A classic case of, adding insult to injury. Fernando Rodney wins AL Comeback Player of the year award. The Angel bullpen blew 22 saves. Rodney had 48 saves and an ERA of 0.60. During his two years with the Angels he had a ERA of 4.32. For which he was paid 11 million. The Rays paid him for one year at 1.75 million. The only saving grace is that the Rays didn't make the playoffs. I wonder, is this stuff real money or is it just the pink, green and yellow of Monopoly money. No one that I know, from any baseball front office has ever committed suicide, so its not life or death. Is it different in the Japanese Leagues? Poor Donnie Moore. He just needed another chance.

Asked by: mauimike
Answered: 10/20/2012

God knows how many. Periods that might have. Used up.
   4. DanG Posted: October 25, 2012 at 10:29 AM (#4282883)
Just curious. Relief pitchers with lowest ERA, minimum 30G, 30 IP.

Rk              Player  ERA ERAOPS+   BA  G   IP Year  Tm Lg W L SV
1          Joey Devine 0.59  698   10 .150 42 45.2 2008 OAK AL 6 1  1
2      Fernando Rodney 0.60  634   19 .167 76 74.2 2012 TBR AL 2 2 48
3     Dennis Eckersley 0.61  603   13 .160 63 73.1 1990 OAK AL 4 2 48
4           Rob Murphy 0.72  541   20 .155 34 50.1 1986 CIN NL 6 0  1
5           Mike Adams 0.73  523  
-10 .111 37 37.0 2009 SDP NL 0 0  0
6         Rich Gossage 0.77  465   21 .141 32 46.2 1981 NYY AL 3 2 20
7           Bill Henry 0.87  420   35 .170 37 52.0 1964 CIN NL 2 2  6
8         Dennys Reyes 0.89  507   40 .197 66 50.2 2006 MIN AL 5 0  0
9    Jonathan Papelbon 0.92  517   18 .167 59 68.1 2006 BOS AL 4 2 35
10       Chris Hammond 0.95  441   45 .195 63 76.0 2002 ATL NL 7 2  0
11      Eric OFlaherty 0.98  389   60 .221 78 73.2 2011 ATL NL 2 4  0
12          Doug Henry 1.00  406   20 .133 32 36.0 1991 MIL AL 2 1 15
13       Craig Kimbrel 1.01  399    1 .126 63 62.2 2012 ATL NL 3 1 42
14         Dale Murray 1.03  374   34 .187 32 69.2 1974 MON NL 1 1 10
15      Rollie Fingers 1.04  333   50 .198 47 78.0 1981 MIL AL 6 3 28 
   5. kthejoker Posted: October 25, 2012 at 11:36 AM (#4282940)
And if Rodney had given up one grand slam, he wouldn't have even made the list. Definitely hitting the effects of sample size there.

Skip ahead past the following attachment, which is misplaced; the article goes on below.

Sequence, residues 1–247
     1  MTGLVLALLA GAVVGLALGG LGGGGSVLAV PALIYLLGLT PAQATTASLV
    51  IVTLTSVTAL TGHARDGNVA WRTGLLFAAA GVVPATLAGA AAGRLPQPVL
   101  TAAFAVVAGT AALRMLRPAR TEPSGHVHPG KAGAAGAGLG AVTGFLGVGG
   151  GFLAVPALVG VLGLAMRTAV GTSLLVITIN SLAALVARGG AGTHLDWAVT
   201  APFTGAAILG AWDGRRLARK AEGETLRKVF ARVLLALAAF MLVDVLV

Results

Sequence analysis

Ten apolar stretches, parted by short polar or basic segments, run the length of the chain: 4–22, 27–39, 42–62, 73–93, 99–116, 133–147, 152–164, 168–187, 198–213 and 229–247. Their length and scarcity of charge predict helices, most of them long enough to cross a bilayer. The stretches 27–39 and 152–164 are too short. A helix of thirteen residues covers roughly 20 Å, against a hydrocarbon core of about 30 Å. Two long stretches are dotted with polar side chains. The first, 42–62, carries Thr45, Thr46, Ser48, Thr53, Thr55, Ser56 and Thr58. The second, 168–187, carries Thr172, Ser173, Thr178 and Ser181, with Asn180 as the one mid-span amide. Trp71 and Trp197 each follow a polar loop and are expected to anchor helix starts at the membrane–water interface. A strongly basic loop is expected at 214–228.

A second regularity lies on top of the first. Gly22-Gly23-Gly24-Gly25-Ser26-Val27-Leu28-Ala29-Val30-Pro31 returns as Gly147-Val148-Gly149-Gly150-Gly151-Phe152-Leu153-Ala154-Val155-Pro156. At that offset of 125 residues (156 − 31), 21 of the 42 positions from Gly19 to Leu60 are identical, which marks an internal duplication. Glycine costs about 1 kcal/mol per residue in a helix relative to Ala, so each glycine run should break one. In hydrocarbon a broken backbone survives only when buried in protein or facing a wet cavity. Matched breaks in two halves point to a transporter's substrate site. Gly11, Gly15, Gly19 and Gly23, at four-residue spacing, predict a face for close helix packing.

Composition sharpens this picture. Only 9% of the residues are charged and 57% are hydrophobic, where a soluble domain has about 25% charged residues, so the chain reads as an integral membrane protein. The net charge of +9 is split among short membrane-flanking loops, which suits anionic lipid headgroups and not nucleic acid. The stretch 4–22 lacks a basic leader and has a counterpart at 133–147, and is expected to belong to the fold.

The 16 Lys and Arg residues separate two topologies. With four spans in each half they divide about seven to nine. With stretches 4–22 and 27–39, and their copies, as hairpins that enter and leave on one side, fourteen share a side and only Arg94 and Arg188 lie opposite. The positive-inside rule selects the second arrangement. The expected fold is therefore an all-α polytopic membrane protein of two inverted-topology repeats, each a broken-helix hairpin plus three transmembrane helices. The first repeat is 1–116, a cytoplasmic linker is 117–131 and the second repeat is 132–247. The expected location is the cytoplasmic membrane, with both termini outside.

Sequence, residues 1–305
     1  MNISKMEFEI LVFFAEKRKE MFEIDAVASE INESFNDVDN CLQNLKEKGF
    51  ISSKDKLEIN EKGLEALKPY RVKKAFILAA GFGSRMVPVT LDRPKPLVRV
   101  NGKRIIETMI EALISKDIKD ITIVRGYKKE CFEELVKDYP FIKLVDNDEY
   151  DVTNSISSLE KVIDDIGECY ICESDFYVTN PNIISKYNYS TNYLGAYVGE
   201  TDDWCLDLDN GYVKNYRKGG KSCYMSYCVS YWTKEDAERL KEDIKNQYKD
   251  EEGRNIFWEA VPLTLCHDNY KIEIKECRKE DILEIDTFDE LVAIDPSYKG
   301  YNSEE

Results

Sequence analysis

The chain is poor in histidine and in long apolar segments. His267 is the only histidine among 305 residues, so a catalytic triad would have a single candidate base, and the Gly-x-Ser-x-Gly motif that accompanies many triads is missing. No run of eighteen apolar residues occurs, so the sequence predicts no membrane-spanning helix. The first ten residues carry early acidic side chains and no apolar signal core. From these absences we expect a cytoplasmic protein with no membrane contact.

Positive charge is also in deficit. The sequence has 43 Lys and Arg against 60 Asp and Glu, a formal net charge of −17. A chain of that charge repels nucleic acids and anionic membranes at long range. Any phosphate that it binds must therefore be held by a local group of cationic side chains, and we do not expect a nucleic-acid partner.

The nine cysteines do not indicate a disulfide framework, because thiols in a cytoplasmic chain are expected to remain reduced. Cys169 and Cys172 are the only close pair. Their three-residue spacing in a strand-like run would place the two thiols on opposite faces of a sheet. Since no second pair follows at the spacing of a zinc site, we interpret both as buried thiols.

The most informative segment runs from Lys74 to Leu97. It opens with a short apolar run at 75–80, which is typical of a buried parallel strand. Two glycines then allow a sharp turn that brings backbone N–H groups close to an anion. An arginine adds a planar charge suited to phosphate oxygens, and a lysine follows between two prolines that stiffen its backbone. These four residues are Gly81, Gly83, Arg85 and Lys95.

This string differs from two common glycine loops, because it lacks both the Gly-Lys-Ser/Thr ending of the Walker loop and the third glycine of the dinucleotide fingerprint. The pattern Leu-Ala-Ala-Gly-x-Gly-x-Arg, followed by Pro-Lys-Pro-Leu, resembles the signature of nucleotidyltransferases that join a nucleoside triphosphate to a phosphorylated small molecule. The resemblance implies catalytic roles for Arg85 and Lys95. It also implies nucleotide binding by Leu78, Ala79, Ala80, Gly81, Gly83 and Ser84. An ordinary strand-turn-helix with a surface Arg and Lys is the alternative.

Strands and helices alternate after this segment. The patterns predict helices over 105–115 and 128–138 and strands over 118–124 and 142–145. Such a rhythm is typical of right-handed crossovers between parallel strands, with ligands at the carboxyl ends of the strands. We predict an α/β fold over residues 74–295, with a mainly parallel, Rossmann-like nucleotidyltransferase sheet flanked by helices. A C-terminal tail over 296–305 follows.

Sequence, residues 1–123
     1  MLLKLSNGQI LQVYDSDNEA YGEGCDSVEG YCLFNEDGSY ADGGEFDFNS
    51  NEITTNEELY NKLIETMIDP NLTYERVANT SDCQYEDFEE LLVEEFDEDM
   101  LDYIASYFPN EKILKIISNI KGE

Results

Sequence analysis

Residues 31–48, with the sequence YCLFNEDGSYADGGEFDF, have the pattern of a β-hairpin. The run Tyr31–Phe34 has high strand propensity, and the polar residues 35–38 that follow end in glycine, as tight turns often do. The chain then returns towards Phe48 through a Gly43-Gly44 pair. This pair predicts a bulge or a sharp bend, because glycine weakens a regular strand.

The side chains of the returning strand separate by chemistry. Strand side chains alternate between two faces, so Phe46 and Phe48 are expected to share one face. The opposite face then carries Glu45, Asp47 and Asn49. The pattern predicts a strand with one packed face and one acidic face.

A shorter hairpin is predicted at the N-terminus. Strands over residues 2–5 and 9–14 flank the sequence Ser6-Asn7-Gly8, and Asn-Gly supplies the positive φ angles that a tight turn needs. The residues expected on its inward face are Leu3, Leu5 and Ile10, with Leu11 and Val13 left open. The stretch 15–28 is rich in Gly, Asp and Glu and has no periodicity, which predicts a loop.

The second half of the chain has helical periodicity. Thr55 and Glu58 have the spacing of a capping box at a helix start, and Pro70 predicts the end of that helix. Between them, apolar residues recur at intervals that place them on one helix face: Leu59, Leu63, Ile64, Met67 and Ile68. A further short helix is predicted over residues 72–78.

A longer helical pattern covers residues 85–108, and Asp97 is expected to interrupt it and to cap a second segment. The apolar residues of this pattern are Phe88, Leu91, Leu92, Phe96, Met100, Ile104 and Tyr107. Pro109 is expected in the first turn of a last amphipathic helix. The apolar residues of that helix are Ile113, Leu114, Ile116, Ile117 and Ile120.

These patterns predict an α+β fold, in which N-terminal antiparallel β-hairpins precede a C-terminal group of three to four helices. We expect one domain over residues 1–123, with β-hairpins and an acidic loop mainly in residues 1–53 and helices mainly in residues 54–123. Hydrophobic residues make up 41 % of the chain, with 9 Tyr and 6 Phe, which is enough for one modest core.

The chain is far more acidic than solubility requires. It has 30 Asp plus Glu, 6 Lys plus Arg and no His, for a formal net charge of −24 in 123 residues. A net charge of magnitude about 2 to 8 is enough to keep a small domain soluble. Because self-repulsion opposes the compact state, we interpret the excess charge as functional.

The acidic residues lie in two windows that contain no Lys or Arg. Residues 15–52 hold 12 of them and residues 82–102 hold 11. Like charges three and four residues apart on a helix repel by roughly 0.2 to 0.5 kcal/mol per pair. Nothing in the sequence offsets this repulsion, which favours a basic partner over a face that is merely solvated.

6. SoSH U at work Posted: October 25, 2012 at 12:57 PM (#4283019)
And if Rodney had given up one grand slam, he wouldn't have even made the list.

Yes, if Rodney had given up almost twice as many earned runs as he actually did, then he wouldn't be on a list of pitchers who didn't give up many earned runs. (-:

Obviously, the innings sample is small, but one grand slam is a pretty significant event when you're dealing with folks who only yielded the equivalent of one grand slam and a solo sh ot.

   7. TomH Posted: October 25, 2012 at 01:47 PM (#4283092)
It's hard to give up a grand slam, since that requires you put three people on base,.... when your OBP allowed is .171.

I see that Fernando actually did pitch to 6 batters this tear with the bass loaded. I have no idea how many of those 6 were loaded BY him, or inherited. He struck out 3 and the other 3 made other kind of outs.
   8. Greg Pope thinks the Cubs are reeking havoc Posted: October 25, 2012 at 03:11 PM (#4283174)
with the bass loaded

Wait, is the fish in or out of the fish stick? I'm so confused.
   9. Rennie's Tenet Posted: October 25, 2012 at 04:37 PM (#4283302)
I got into one of those arguments where the other person is so certain that I feel like I have to check myself: did James spend several weeks in State College researching the Paterno matter? My impression is that he was mainly arguing the conclusions of the Freeh Report and other sources, and wasn't claiming any original research.
   10. The District Attorney Posted: October 25, 2012 at 05:28 PM (#4283370)
did James spend several weeks in State College researching the Paterno matter?
I did not hear about this at all. Perhaps the person confused James with Joe Posnanski, who spent several months there working on his Paterno biography. (Of course, he arrived well before the scandal broke, so it wasn't about that.)
   11. Rennie's Tenet Posted: October 25, 2012 at 06:02 PM (#4283393)
Perhaps the person confused James with Joe Posnanski,

Thanks! That's what I was telling him, but he was insisting he heard James discussing his own investigation with such conviction that I just wondered if I had missed something myself.
   12. Ray (RDP) Posted: October 25, 2012 at 06:16 PM (#4283401)
Perhaps the person confused James with Joe Posnanski

Posnanski was there, but there's no indication that he spent several weeks researching the Paterno matter, given that he showed very little interest in the issue other than bemoaning that Paterno's flaws got in the way of painting Paterno as a hero because he knew how to coach football games.